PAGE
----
Today we’re featuring an interview with Adrian Miller, author of The President’s Kitchen Cabinet: The Story of the African Americans Who Have Fed Our First Families, from the Washingtons to the Obamas. Miller is a food writer, attorney and certified barbecue judge who lives in Denver, CO. He is currently the executive director of the Colorado Council of Churches and, as such, is the first African American and the first layperson to hold that position. Miller previously served as a special assistant to President Bill Clinton and a senior policy analyst for Colorado governor Bill Ritter Jr. He has also been a board member of the Southern Foodways Alliance. Miller’s first book, Soul Food: The Surprising Story of an American Cuisine, One Plate at a Time won the James Beard Foundation Award for Scholarship and Reference in 2014. Continue reading
The following post has been cross-posted from an ongoing series about diet and nutrition over at Nursing Clio. I am grateful for permission to re-post it here; if you have time, definitely go read the other blog posts!
In August 2015, Oxford Dictionaries declared that the word “hangry” had entered our common vocabulary. Surely most people living in the twenty-first century have experienced the sense of being simultaneously hungry and angry. During the eighteenth and nineteenth centuries, hunger was also everywhere. A recent NPR essay examines how slaveholders withheld food from enslaved people, such as Frederick Douglass, because hunger gave them greater control over people of African descent. Historian Alan Taylor has written about periods of famine after the American Revolution. During some of these years of food shortages that Taylor describes, Iroquois clan mothers pressured other Native Americans into ceding land because they wanted “peace and food relief,” as they did in 1785 at Fort Herkimer. Hunger has been, and continues to be, a key facet of power relations. Continue reading
As a result of the misbehaviour of several Juntoists, I am quite sorry to announce that I, along with several other members, will be leaving The Junto and forming a new online forum for the study of early America. Our declaration follows: Continue reading
Well team, I’ve made it to Easter Break after my first post-sabbatical return to teaching, and if my silence on the blog has been any indication, it’s been busy. The sabbatical was obviously good for thinking about research and book stuff, but what I hadn’t anticipated was that the end of my sabbatical would also push me to reassess the ways that I teach. More specifically, it prompted a reexamination of the preparatory work that I do before seminars, and raised questions about the relationship between the amount of time I spend prepping and the extent to which my students benefit from my prep. Lately, I’ve been doing less prep myself and using various types of Google tools—Docs, Forms, and Sheets, mostly—to make students more responsible for their learning. Here’s how and why: Continue reading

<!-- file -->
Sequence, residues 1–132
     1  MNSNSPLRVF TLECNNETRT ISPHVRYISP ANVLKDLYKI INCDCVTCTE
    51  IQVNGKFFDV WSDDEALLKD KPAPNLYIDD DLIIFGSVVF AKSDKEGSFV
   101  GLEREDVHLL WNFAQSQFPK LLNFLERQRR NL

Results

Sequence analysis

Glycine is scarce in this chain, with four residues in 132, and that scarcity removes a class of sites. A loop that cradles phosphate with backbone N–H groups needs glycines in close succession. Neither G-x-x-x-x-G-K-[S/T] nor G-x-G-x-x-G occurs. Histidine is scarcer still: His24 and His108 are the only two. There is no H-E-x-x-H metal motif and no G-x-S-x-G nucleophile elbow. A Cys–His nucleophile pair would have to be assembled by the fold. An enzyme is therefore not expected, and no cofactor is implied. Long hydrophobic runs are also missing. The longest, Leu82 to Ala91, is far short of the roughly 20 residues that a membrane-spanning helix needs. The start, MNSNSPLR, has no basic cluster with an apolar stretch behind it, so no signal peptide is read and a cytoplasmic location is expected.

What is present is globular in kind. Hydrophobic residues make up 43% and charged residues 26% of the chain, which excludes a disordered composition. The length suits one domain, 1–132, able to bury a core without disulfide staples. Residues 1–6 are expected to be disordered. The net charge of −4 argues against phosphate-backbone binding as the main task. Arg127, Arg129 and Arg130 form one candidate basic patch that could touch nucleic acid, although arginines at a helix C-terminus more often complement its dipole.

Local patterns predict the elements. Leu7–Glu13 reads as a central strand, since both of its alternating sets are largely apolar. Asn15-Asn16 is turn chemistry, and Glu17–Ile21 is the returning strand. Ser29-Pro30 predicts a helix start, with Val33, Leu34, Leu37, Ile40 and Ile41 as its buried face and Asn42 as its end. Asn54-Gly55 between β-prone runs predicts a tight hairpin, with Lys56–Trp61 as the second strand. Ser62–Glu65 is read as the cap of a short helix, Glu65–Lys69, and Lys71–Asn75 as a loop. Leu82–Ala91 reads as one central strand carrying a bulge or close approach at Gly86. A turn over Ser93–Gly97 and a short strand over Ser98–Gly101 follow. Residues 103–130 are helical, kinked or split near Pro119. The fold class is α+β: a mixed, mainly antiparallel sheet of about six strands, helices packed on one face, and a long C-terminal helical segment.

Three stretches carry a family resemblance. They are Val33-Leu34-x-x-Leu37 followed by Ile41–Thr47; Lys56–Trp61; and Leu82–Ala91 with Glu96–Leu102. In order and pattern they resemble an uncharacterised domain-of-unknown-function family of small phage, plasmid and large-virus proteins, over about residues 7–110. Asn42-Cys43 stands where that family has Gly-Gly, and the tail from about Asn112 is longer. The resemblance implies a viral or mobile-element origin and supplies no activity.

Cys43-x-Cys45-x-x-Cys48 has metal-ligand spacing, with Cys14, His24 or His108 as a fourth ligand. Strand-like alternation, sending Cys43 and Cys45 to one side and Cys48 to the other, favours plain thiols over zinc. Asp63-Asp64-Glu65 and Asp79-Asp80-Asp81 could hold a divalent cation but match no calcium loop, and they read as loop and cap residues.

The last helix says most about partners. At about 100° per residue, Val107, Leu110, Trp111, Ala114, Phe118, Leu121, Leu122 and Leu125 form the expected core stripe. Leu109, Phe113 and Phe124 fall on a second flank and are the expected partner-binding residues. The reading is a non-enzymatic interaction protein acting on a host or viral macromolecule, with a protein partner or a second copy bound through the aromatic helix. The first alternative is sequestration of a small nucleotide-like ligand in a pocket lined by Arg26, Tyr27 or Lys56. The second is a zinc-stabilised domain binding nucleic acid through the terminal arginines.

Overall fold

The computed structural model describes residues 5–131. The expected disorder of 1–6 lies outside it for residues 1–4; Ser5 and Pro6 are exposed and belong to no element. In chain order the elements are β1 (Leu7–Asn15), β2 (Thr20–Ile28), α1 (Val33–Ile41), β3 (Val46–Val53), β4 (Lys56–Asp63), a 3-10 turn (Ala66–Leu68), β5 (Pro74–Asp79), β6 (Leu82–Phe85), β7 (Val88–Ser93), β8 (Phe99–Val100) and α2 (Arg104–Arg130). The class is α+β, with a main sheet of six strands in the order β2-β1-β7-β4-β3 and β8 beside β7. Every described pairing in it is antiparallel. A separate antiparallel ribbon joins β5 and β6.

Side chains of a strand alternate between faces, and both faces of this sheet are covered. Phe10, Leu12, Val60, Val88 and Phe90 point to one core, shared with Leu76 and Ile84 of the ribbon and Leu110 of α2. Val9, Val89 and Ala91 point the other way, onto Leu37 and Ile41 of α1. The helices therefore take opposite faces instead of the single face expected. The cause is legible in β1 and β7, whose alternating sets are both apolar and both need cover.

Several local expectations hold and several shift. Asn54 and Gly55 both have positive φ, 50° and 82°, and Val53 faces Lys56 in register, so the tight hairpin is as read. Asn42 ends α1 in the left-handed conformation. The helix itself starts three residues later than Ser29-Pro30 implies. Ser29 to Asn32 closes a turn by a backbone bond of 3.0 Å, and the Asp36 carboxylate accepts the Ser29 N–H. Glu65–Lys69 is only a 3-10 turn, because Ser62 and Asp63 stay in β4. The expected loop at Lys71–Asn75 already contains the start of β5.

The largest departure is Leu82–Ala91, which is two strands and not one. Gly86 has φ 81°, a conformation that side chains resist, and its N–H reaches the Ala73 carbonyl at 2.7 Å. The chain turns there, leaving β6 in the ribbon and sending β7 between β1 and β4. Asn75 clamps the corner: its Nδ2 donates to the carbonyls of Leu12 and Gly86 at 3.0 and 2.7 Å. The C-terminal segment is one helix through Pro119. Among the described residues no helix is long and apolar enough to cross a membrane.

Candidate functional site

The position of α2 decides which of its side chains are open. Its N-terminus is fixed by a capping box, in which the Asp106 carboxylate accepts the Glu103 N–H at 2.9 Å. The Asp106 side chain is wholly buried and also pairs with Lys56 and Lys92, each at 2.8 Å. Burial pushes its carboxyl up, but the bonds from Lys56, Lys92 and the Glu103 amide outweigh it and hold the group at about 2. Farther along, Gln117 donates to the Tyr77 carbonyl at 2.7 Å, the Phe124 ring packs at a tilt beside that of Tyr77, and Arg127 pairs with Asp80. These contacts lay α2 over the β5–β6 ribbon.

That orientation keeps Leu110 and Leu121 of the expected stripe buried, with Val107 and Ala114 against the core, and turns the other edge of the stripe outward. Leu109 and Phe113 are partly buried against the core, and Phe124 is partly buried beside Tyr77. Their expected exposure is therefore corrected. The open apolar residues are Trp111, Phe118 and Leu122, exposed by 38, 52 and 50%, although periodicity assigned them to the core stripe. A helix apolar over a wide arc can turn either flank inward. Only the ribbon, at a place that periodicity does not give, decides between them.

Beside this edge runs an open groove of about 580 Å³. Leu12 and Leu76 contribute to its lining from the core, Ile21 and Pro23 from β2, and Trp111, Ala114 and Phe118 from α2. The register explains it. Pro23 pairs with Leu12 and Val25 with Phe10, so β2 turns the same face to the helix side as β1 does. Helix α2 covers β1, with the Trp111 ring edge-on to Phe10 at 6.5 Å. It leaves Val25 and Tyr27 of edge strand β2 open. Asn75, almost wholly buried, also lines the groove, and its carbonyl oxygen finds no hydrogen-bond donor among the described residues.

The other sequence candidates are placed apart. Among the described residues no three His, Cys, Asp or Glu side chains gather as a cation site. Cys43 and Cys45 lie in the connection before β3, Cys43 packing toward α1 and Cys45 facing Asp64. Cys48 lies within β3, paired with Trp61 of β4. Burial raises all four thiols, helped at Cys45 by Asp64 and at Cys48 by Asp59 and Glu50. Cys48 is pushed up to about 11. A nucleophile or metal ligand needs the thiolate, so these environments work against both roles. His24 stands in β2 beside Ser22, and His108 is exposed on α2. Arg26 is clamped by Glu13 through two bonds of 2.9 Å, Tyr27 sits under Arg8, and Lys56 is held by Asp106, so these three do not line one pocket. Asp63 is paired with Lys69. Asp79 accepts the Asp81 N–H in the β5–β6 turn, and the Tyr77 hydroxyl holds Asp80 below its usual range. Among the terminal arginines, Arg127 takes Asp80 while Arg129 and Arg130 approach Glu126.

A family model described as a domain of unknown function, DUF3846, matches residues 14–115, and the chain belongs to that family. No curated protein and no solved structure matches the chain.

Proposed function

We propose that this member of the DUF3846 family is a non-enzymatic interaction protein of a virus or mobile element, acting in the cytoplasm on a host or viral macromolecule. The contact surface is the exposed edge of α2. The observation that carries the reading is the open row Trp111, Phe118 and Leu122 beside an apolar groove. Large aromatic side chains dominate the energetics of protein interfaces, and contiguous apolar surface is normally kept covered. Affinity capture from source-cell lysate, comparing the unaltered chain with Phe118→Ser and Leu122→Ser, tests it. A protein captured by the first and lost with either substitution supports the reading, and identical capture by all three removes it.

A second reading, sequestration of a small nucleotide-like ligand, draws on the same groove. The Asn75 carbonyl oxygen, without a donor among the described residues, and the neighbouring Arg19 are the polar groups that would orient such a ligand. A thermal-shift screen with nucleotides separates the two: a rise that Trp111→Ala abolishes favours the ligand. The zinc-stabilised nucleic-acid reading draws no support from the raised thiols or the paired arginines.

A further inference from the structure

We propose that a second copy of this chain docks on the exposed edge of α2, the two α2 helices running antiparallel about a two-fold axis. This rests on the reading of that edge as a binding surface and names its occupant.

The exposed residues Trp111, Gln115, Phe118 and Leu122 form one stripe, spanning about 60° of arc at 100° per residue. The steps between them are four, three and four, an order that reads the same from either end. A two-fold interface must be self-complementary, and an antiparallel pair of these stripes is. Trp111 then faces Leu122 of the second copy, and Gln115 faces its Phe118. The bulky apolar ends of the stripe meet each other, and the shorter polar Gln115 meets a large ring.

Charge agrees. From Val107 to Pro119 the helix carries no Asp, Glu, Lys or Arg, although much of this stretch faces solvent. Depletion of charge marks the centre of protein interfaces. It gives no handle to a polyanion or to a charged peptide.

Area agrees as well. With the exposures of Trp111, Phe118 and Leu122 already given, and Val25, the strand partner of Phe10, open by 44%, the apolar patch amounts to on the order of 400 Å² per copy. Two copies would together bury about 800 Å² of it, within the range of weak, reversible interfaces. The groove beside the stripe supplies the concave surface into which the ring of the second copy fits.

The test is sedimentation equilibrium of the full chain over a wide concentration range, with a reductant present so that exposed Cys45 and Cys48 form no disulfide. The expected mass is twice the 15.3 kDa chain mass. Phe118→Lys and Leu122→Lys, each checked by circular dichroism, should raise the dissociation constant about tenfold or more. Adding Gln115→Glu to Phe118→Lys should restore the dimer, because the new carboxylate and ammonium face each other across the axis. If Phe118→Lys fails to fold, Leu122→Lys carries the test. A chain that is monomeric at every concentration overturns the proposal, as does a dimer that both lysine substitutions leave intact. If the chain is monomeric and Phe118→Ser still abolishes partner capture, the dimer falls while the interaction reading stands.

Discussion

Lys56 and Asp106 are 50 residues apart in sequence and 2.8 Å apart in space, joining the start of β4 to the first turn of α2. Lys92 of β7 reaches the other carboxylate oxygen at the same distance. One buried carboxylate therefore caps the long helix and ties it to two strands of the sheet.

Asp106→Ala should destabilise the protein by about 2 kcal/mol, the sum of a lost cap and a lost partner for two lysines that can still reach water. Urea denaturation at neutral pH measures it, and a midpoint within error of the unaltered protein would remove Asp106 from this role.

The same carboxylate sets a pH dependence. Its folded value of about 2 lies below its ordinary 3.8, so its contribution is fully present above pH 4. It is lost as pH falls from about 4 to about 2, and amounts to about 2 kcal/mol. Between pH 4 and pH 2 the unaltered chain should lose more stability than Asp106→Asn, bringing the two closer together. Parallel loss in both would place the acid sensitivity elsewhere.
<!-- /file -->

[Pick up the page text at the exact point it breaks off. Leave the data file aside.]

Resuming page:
Jessica Blake is a PhD candidate in U.S. History at the University of California-Davis, where she is completing a dissertation entitled, “A Taste for Africa: Imperial Fantasy and Clothes Commerce in Revolutionary-era New Orleans.” She is currently a dissertation fellow at the Winterthur Museum and Archive.
In 1808, the New Orleans trader John Joly placed an advertisement in the Moniteur de la Louisiane for a shipment of large Angola shawls (grands shals d’Angola), a rectangular cloth of African construction meant to drape over the shoulders. Joly marketed the cloth for the general consumer, making no indication that he considered it a product intended solely for use by enslaved or free people of color.
This is an interview with Sowande’ Mustakeem, who is an Assistant Professor in the departments of History and African and African American Studies at Washington University in St. Louis. Today she speaks with The Junto about her book, Slavery at Sea: Terror, Sex, and Sickness in the Middle Passage, which Casey Schmitt reviewed yesterday. Her previous work has appeared in journals such as Atlantic Studies and the Journal of African American History, and edited volumes such as Understanding and Teaching American Slavery, Teaching Lincoln: What Every K-12 Student Needs to Know, and Gender, Race, Ethnicity, and Power in Maritime America. Continue reading
Over the winter break I was back in Austin, catching up with grad school friends and reveling in a week’s worth of breakfast tacos. Part of this week included a trip to the Alamo Drafthouse to see Rogue One, because we all know work/life balance is important. For the uninitiated, the Drafthouse is a magical movie theater where you can view new movies while eating and drinking. They’re famous for their all-day Lord of the Rings marathon, complete with second breakfast and elevenses. So I was pretty excited to see what themed food and beverages the theater managed to create using inspiration from the Star Wars cannon. Remember how I said work/life balance is important? Well it is, but sometimes I have trouble switching off. Continue reading